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Distributed for Reaktion Books


A Global History

Distributed for Reaktion Books


A Global History

From chai to oolong to sencha, tea is one of the world’s most popular beverages. Perhaps that is because it is a unique and adaptable drink, consumed in many different varieties by cultures across the globe and in many different settings, from the intricate traditions of Japanese teahouses to the elegant tearooms of Britain to the verandas of the deep South.     

In Tea food historianHelen Saberi explores this rich and fascinating history. Saberi looks at the economic and social uses of tea, such as its use as a currency during the Tang Dynasty and 1913 creation of a tea dance called “Thé Dansant” that combined tea and tango. Saberi also explores where and how tea is grown around the world and how customs and traditions surrounding the beverage have evolved from its legendary origins to its present-day popularity.

Featuring vivid images of teacups, plants, tearooms, and teahouses as well as recipes for both drinking tea and using it as a flavoring, Tea will engage the senses while providing a history of tea and its uses.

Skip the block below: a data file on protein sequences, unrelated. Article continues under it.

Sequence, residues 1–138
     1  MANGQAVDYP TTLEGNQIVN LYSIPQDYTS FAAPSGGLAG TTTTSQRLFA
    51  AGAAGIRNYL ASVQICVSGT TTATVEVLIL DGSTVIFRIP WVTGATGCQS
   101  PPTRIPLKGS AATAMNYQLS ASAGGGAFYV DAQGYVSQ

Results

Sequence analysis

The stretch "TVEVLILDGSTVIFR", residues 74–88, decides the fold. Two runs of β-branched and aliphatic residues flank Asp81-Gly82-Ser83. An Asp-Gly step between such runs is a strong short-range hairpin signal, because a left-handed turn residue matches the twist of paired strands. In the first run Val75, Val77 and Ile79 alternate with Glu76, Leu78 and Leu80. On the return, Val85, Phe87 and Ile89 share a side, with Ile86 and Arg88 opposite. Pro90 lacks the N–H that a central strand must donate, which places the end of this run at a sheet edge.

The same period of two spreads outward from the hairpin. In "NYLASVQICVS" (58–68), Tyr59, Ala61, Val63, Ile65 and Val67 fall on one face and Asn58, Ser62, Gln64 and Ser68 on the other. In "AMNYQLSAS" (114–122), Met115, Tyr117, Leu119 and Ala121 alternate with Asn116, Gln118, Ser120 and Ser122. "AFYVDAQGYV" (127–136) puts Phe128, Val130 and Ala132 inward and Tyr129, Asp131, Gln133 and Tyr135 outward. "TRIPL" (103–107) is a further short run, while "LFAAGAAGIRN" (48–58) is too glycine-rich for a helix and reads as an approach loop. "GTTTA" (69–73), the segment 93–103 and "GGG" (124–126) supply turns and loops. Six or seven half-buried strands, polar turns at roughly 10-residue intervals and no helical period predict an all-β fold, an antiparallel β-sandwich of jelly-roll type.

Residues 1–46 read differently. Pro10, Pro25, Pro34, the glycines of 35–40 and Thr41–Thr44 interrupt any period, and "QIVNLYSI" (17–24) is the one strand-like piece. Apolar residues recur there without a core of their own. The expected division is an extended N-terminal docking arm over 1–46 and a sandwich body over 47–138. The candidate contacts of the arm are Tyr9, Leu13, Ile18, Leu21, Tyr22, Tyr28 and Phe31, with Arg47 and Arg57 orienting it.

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183 pages | 40 color plates, 20 halftones | 4 3/4 x 7 3/4 | © 2010


Food and Gastronomy

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"As English grandmothers say, a good cuppa tea puts the world to right. The English, of course, are not the only tea consumers in the world; in fact, as the subtitle of this handy, informative little survey indicates, tea is enjoyed the world over and ranks, globally, as the second-most-popular beverage after water."

Brad Hooper | Booklist

"One could write a tome about this history, and Saberi has done the research to fill that tome, but with the characteristic lightness of touch, sense of humor, and unadorned, but elegant prose she moves with alacrity through ancient historical periods, unearthing tea facts that include poems written about tea by impassioned poets, superstitious beliefs about tea’s health benefits, the famous tea ceremony, which we learn is many types of ceremonies in different lands, even the Japanese tea-drinking game, Tôcha.The history of tea is a reflection of our human dramas, and though this is a slender easily-read volume, Saberi traces our dramas easily and fully. . . . Tea: A Global History is a highly readable, engaging book, one best enjoyed while sipping a cup of tea oneself."

Table of Contents


1   What is Tea?
2   China
3   Japan, Korea and Taiwan
4   Caravans and Mediterranean Shores
5   Tea Comes to the West
6   India, Sri Lanka and Indonesia
7   Tea Today and Tomorrow

Select Bibliography
Websites and Associations
Photo Acknowledgements

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